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<  Amphilophus (like Midas and Trimac) Talk  ~  Red Devil aggressiveness, hormon and nuchal hump

daint2003
Posted: Fri Feb 10, 2006 6:31 pm Reply with quote
Advice Team Joined: 12 Nov 2005 Posts: 61 Location: Saigon, Vietnam
I have seen people putting a mirror near tank that makes male cichlid fighting with his shadow in the mirror; once he fights much he is more aggressive then his nuchal hump is more developing,

I am also heard that hormon has main role in nuchal hump developing of male cichlid,

I come to a conclusion myself that "more hormon or aggressiveness makes big nuchal hump",

Now look at the fact that many Red Devil males kept in the same tank develope a very big nuchal hump. They may compete together by creating more hormon, then more aggressive, then their nuchal humps turn out big,

In this forum, Toerag says keeping many Red Devils in the same tank will make them less aggressive, then I guess his male Red Devils create less hormon then small nuchal hump. But his fish are still big nuchal hump!

I am confused, can anyone explain?
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Zitrone
Posted: Sat Feb 11, 2006 6:34 pm Reply with quote
Advice Team Joined: 12 Sep 2005 Posts: 78 Location: Germany
Watch out this humpheads





They live together in one tank and try to dominate each other, so their humps grow and grow, but they can not dominate, because their are to many of other midas around. The aggression is very high, but they don´t bite each other because they can´t concentrate them on one fish.

But if you take one of this killers out of the tank an put him in an other tank with only one other midas, they will fight til death from one second to the other second!! Or put a new fish in the tank, sometimes they try all together to kill this poor new fish.


They are like lions

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daint2003
Posted: Sun Feb 12, 2006 4:02 pm Reply with quote
Advice Team Joined: 12 Nov 2005 Posts: 61 Location: Saigon, Vietnam
Thanks Zitrone for your answer. It satisfies me.
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TenaciousTankBuster
Posted: Tue Feb 14, 2006 3:50 am Reply with quote
A. lyonsi Joined: 14 Feb 2006 Posts: 154 Location: Los Angeles, California
Me too. That's actually pretty funny if you think about it. And it's so very true. I've never had more then one Midas or Red Devil that size in a tank at one time. I could only imagine the soap opera going on in that tank! Laughing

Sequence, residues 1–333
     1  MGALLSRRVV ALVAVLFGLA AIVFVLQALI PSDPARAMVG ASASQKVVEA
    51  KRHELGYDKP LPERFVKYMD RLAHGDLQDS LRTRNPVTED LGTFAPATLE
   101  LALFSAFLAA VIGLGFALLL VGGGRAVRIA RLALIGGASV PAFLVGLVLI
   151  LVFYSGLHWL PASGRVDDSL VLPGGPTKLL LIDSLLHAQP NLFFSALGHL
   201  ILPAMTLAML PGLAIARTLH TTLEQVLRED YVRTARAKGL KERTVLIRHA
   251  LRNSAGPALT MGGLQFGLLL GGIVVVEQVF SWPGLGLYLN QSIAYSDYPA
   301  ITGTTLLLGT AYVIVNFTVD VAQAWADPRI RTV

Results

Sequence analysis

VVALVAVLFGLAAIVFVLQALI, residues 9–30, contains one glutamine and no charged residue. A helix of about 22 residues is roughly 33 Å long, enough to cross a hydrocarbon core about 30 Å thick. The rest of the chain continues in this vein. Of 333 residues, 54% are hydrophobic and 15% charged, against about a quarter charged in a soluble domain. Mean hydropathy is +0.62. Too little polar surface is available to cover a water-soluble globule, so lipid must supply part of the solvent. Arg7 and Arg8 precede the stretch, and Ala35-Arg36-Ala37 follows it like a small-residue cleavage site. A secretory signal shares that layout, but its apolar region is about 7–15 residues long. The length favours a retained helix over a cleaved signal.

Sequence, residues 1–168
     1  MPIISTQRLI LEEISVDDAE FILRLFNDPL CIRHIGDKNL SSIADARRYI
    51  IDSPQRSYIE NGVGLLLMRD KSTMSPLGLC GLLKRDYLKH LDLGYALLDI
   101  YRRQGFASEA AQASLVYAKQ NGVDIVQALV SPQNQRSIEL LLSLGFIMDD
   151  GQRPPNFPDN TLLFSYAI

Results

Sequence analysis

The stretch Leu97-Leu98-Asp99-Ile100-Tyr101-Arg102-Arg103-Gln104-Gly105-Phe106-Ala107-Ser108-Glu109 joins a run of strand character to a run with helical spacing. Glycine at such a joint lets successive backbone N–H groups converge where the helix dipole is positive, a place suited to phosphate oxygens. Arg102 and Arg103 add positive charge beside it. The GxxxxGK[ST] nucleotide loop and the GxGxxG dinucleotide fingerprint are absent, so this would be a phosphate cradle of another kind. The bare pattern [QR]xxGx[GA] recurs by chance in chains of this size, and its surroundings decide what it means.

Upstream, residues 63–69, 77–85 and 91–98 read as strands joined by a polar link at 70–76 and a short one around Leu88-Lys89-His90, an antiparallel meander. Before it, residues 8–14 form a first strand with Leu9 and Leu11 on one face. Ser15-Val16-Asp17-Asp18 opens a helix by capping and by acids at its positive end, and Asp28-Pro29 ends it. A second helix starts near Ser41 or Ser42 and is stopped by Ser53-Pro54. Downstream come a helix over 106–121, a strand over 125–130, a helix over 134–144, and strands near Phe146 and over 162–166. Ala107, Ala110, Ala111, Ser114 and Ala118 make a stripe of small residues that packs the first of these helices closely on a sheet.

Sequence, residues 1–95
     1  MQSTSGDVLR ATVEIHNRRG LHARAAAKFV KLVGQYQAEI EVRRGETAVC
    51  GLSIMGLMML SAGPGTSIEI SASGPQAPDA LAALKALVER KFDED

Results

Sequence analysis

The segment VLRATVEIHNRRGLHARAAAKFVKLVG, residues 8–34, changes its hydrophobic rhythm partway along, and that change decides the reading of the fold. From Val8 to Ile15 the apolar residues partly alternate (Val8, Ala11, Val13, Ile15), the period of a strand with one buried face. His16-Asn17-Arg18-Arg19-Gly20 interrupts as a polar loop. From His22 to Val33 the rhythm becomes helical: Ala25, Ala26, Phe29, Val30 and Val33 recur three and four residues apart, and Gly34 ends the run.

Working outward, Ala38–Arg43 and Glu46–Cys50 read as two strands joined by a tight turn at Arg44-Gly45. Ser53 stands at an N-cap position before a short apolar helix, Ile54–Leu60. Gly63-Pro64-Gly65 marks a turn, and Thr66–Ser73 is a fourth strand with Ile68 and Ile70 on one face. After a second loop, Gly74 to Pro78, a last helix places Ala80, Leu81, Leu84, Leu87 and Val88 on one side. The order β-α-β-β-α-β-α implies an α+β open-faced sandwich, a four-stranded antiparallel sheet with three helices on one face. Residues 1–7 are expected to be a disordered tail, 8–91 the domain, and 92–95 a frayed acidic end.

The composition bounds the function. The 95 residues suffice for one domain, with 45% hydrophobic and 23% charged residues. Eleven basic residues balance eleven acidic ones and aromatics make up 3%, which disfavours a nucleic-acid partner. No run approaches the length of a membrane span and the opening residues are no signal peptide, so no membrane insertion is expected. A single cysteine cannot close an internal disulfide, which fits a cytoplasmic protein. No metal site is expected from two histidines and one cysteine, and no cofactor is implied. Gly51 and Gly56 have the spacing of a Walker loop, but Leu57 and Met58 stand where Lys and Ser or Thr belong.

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Toerag
Posted: Tue Feb 28, 2006 12:42 pm Reply with quote
Advice Team Joined: 21 Dec 2005 Posts: 65 Location: North Alabama
I've been raising them in overcrowed/over-filtrated tanks for about 35 years....this is a 150 gallon and a 250 gallon tanks...both loaded with reds/dovii/tetracanthus/butter/jags etc....but, I have enough filtration for a small town's drinking water reservoir on each tank.....very little aggression




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daint2003
Posted: Tue Feb 28, 2006 3:52 pm Reply with quote
Advice Team Joined: 12 Nov 2005 Posts: 61 Location: Saigon, Vietnam
Could you please tell me the male/female ratio of RD/Midas in each tank?
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Toerag
Posted: Tue Feb 28, 2006 4:01 pm Reply with quote
Advice Team Joined: 21 Dec 2005 Posts: 65 Location: North Alabama
Sure...the 150 gallon tank has three females....the 250 gallon tank has three females.....and, one other female that we thought was a male all this time till she laid eggs....she's a wild caught costa rican "flamingo" they called her....whatever the hell that was supposed to mean...but, they told me down there that it's what they call rainbow colored specimens????? (the first pic) I'm in the process of trying to breed her to my 15 inch killer ( the second pic).....think the fry would be really pretty....been unsuccessful trying anything with him so far....he even tries to kill the big pleco?....





Wish me luck...
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HighFive
Posted: Tue Feb 28, 2006 9:03 pm Reply with quote
A. citrinellum Joined: 02 Dec 2005 Posts: 43 Location: Des Moines, Iowa, USA
As with any and all cichlids, you put a mirror in front of them and they will attack it to fend off any and all unwelcomed visitors to their home (territory). This is a natural instinct that takes over in their natural environments. The size of the nuchal hump has also been brought up in discussions as a sign of dominance in their natural environments. But their contributing factor is in their genetic makeup. Hence the reason that one specimen may attain this contributing factor and others may not. Female specimens can and will also attain this factor through courtship and during breeding duress.

HighFive Very Happy

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Cichlamaniac
Posted: Wed May 24, 2006 7:03 am Reply with quote
A. citrinellum Joined: 13 May 2006 Posts: 29 Location: FairField
Toerag wrote:
I've been raising them in overcrowed/over-filtrated tanks for about 35 years....this is a 150 gallon and a 250 gallon tanks...both loaded with reds/dovii/tetracanthus/butter/jags etc....but, I have enough filtration for a small town's drinking water reservoir on each tank.....very little aggression










Wow the 2nd pic looks like a buddacofire Exclamation

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My Favorite Cichlid Is The All Mighty Red Devil!

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